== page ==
Interview with Katie Netley, Ceramic Storyteller with Dyslexia
Please tell us about your work?
I've got three exhibitions on at the moment. I make ceramic totem poles, working with clients to make memorial pieces. They’re sculptures for the garden that tell the story of someone who has passed away. I just had an open studio at 7 Dials in Brighton. I’m also a member of Surrey Sculpture Society – I’ve had five exhibitions with them. Also I create sculpture trails, as well as running sculpture workshops with children with learning difficulties. I’m currently making totem poles with a hospice, they’re very tactile, the children can play with the clay and they make lovely work. I’m about to work with a blind school, using lots of different textures. I’m trying to get funding to teach sculpture at schools and broaden my horizons using different tools, as the foot pedal is difficult for kids with physical disabilities.
What led you to ceramic storytelling?
I got into it at university – we only had a small kiln at school. I really love listening to stories, but because I’m so dyslexic, I’m not good at reading and writing. It’s frustrating not being able to read and write well. I used to have major tantrums because of not being able to express myself properly! Now I tell my stories through clay, and find that sculpture is a therapeutic mode of expression.
An organisation that has really helped me on my journey is Good Story charity – I can’t recommend them enough. If you’re dyslexic, they give you support and help with the direction for your career and work. It was such a positive experience with them (see www.goodstory.org.uk for more).
When did you know you were dyslexic?
My mum and dad both are dyslexic. My mum thought I was dyslexic as she recognised the signs, but my school kept saying, “No, no, no – she’s fine”. I got tested quite young, around 11. We went to Helen Arkell and I got some help. My mum was a single parent and had to save to afford the diagnostic assessment. I was the typical class clown - I messed about, was naughty, I didn’t get any GCSEs - I got expelled.
Eventually I put a portfolio of my artwork together and went along to City College (Brighton and Hove) as I urgently wanted to go to art school. They weren’t sure about letting me in, but I cried in my interview and they let me in! I did really well there, got in to Brighton University after that and did Material Practice with metal, ceramic and plastic. In my third year I majored in Ceramics. I did it all by myself – I picked myself up from a bad place and turned it around.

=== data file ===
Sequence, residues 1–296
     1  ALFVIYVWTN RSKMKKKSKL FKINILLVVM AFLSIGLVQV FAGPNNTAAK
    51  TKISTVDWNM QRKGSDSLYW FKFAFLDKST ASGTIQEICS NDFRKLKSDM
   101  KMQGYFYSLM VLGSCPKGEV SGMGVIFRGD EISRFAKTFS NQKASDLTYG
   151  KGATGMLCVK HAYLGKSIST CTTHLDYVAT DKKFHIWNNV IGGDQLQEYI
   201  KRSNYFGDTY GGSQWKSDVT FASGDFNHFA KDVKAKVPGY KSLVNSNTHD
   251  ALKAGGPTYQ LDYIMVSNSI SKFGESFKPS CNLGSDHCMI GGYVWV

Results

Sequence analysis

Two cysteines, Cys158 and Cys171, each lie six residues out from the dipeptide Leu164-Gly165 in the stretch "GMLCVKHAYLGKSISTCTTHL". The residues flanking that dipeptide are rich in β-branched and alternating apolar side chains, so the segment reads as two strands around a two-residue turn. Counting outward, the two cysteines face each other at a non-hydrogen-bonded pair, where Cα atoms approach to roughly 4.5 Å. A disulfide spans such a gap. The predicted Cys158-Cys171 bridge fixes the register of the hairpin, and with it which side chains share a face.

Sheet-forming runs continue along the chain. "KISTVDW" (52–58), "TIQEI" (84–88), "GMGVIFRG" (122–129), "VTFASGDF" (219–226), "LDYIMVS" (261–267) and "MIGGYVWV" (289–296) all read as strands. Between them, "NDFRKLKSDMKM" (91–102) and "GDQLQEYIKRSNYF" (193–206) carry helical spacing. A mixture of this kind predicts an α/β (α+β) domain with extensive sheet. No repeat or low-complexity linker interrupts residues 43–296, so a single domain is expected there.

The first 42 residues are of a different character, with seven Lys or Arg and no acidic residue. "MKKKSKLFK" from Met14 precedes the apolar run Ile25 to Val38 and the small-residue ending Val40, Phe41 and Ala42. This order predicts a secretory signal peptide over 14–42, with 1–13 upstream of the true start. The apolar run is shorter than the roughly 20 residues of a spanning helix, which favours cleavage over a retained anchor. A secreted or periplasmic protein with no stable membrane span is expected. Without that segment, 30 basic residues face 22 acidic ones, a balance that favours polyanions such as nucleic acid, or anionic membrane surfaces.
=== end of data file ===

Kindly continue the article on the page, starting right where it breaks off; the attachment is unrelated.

I didn't do well on my dissertation though - even the word is scary. It’s a terrible word. So I got a third at university, but I was the only one to sell a big piece at our final show! Also I won the People's Prize, which was amazing. And the People Prize was big - people didn’t understand how I had won it, because I can’t express myself well in writing about art. I think so much rubbish is written to justify art pieces. Why can’t I just like the colour and the form, without it having some great theoretical meaning?
How could dyslexic thinkers get better help at school?
I did get help, but by then I wasn't interested. It's a hard one. Education didn’t work for me. All I remember from history is the Battle of Hastings in 1066! More visual teaching tools would be amazing. I’m worried about when my child goes to school - that she might have the same troubles I had. Steiner schools are meant to be better for visual learners. Instead of just showing you a carton of milk, they pour it out so you can see how much is in there.
I want her to embrace it. Luckily her dad’s very clever! I haven’t got the book smarts, I've got the art smarts…
What could be done differently?
I do feel that it’s my own fault. At the same time, feeling excluded in the bottom set doesn’t motivate you. Being in the ‘bad group’ makes you play up, you're bored in lessons and you find other things to do. I just didn’t know what I wanted to do with my life, how I would fit in. Schools need to work hard to engage all children, not just some of them.
Best advice for those struggling with dyslexia?
Don't stress out about where you're going, just let it happen. I used to worry so much about the future, but just try enjoy what you're making in the moment. Things do work out. I also recommend listening to audiobooks regularly, I download loads of podcasts and listen while I work in my studio - you can still read through audio! It's really inspiring and it takes you new worlds.
Please tell us about your work?I've got three exhibitions on at the moment. I make ceramic totem poles, working with clients to make memorial pieces. They’re sculptures for the garden that tell...